Guest post by Holly Glessner, Air Specialist at Natural Habitat Adventures
Prior to a recent Nat Hab safari in Botswana I had the chance to briefly visit Cape Town, South Africa. Cape Town is a beautiful city on the cost of South Africa. The city has many draws, but the one that had the most profound effect on me was a visit to Robben Island Museum.
If you aren’t familiar with Robben Island, it is a desolate island located about 7 km from the shores of Cape Town and is the location of the infamous prison that housed Nobel Laureate Nelson Mandela for 18 years. Today it is a museum and UNESCO World Heritage Site accessible by ferry only and definitely worth a visit.
It is a very popular destination for tourists, so I purchased my tickets online prior to my arriving in Cape Town. The online process was very easy and I was able to just print out my ticket and take it with me. The price included the round trip ferry ride, a guided tour of the island by bus and a brief tour of the Maximum Security Prison by a guide who was also a former prisoner. The whole experience was about 3.5 hours, including the trip aboard the ferry.
We started with a guided bus tour of the island. The first stop was at the quarry where many of the apartheid prisoners were forced to work in the soaring heat and the blinding sunlight with inadequate equipment and clothing. In fact, this is where President Mandela injured his eyes requiring him to wear eye protection for most of his life. The bus tour also gives you a good idea of the harsh and dry environment that the many prisoners had to contend with over the years.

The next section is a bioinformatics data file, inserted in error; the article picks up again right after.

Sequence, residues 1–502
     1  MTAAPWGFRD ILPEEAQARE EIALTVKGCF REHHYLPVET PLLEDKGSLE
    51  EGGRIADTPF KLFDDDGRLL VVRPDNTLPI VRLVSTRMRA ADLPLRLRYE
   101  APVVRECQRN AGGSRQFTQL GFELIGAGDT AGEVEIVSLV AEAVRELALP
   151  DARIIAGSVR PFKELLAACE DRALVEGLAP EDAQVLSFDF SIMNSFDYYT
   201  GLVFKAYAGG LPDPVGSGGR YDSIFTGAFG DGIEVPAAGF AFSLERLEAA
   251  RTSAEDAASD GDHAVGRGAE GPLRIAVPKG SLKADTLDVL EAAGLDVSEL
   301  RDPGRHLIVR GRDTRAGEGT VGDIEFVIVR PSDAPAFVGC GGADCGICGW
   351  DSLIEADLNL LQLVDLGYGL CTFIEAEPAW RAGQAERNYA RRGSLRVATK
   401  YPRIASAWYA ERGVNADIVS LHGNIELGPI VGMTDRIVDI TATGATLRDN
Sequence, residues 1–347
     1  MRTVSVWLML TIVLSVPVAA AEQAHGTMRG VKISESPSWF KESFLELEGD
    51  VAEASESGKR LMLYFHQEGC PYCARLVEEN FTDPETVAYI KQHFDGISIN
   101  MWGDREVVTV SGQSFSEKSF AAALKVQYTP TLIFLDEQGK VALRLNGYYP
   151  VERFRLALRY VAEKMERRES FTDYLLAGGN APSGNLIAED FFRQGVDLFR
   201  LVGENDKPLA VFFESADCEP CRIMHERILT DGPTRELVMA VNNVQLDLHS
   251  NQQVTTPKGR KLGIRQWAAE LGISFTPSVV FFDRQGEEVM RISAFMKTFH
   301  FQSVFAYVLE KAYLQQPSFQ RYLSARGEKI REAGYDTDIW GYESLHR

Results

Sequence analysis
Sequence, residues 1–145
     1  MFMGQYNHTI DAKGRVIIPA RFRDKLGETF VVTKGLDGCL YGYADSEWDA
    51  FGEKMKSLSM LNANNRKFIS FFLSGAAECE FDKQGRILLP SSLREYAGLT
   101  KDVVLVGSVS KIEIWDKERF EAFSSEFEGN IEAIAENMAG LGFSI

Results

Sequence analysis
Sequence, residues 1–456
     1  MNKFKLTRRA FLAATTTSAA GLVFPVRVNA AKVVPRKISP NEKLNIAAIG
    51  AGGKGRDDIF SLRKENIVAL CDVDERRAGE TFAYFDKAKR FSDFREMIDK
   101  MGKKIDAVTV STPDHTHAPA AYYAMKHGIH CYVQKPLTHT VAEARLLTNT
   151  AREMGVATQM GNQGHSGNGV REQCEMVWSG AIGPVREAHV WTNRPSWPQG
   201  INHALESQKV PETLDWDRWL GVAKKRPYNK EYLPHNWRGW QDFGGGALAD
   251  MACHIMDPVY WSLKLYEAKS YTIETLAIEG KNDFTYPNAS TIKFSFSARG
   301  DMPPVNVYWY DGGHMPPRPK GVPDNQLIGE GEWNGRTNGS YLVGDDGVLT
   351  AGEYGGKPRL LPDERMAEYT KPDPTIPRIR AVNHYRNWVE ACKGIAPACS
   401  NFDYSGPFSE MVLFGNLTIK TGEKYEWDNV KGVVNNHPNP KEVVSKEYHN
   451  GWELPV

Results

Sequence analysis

You also have the chance to spot African penguins during the bus tour, since a colony makes the island home. I was lucky enough to spot two of them!
Following the bus ride was a walking tour of the Maximum Security Prison. Our tour was led by a former political prisoner, which was very moving. One lesson learned from this visit was that political prisoners were the ones held in the maximum security section, versus thieves or murderers who weren’t considered as much of a threat. We were able to visit the many rooms, cells and courtyards that make up the prison, all while hearing the history of the prison which dates back to the late 1400’s.
The tour ended with a visit to President Mandela’s prison cell which is a tiny cement room with not even a bed, just a thin bed roll on the floor. To me, this was the most emotional part of the tour. I couldn’t imagine him having to spend 18 years living in this tiny cell, on this island with a fierce wind and piercing sunlight, spending his days slaving away in the quarry, all because he fought for equal rights. The most mind boggling part was that this harsh, inhospitable island played host to these political prisoners fighting for equal rights during my lifetime.
Some reviews have called the tour too commercial or disorganized, and some complain that the guides are hard to understand, but all in all I think this is a tour that can’t be missed. The history, lessons learned, and emotions experienced during this tour are something I’ll carry with me for the rest of my life.
If you are traveling to South Africa and find yourself passing through Cape Town, definitely make the trip to Robben Island.